Updated on 20 August 2013
To overcome these limitations, IBN researchers have used interfacial polyelectrolyte complexation (IPC) fiber assembly, a unique cell patterning technology patented by IBN, to produce cell-laden hydrogel fibers under aqueous conditions at room temperature. Unlike other methods, IBN's novel technique allows researchers to incorporate different cell types separately into different fibers, and these cell-laden fibers may then be assembled into more complex constructs with hierarchical tissue structures. In addition, IBN researchers are able to tailor the microenvironment for each cell type for optimal functionality by incorporating the appropriate factors, for example proteins, into the fibers. Using IPC fiber assembly, the researchers have engineered an endothelial vessel network, as well as cell-patterned fat and liver tissue constructs, which have successfully integrated with the host circulatory system in a mouse model and produced vascularized tissues.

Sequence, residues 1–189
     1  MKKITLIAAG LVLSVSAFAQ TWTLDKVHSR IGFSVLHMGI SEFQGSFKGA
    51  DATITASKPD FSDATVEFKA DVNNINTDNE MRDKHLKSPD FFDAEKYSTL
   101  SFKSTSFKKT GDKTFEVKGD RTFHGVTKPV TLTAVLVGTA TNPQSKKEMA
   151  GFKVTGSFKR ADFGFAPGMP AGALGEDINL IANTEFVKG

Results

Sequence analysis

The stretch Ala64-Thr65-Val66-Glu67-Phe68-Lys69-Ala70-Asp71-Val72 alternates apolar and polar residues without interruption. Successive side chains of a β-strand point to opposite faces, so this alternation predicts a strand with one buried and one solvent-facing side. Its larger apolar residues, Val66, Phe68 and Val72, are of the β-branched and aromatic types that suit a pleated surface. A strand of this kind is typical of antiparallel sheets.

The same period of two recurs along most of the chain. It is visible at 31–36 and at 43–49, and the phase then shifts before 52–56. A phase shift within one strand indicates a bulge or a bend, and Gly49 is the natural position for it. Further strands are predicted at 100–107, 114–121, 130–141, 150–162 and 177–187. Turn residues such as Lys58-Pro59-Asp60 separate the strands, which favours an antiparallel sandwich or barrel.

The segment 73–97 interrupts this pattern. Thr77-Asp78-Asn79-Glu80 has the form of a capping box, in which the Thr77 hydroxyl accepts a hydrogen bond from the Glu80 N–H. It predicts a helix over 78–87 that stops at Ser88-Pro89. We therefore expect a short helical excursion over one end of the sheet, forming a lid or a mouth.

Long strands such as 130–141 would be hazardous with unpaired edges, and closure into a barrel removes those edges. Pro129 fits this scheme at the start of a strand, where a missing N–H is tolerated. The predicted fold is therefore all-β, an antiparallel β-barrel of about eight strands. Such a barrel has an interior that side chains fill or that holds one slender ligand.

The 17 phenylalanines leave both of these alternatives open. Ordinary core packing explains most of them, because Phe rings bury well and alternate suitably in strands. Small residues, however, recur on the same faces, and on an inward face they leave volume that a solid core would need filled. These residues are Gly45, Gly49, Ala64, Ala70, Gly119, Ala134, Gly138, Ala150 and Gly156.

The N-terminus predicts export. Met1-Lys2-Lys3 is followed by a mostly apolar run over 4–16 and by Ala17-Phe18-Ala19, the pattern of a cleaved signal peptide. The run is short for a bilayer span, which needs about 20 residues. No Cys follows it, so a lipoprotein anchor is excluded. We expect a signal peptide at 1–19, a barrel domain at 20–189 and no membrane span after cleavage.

The IBN researchers are now working on applying and further developing their technology toward engineering functional tissues and clinical applications.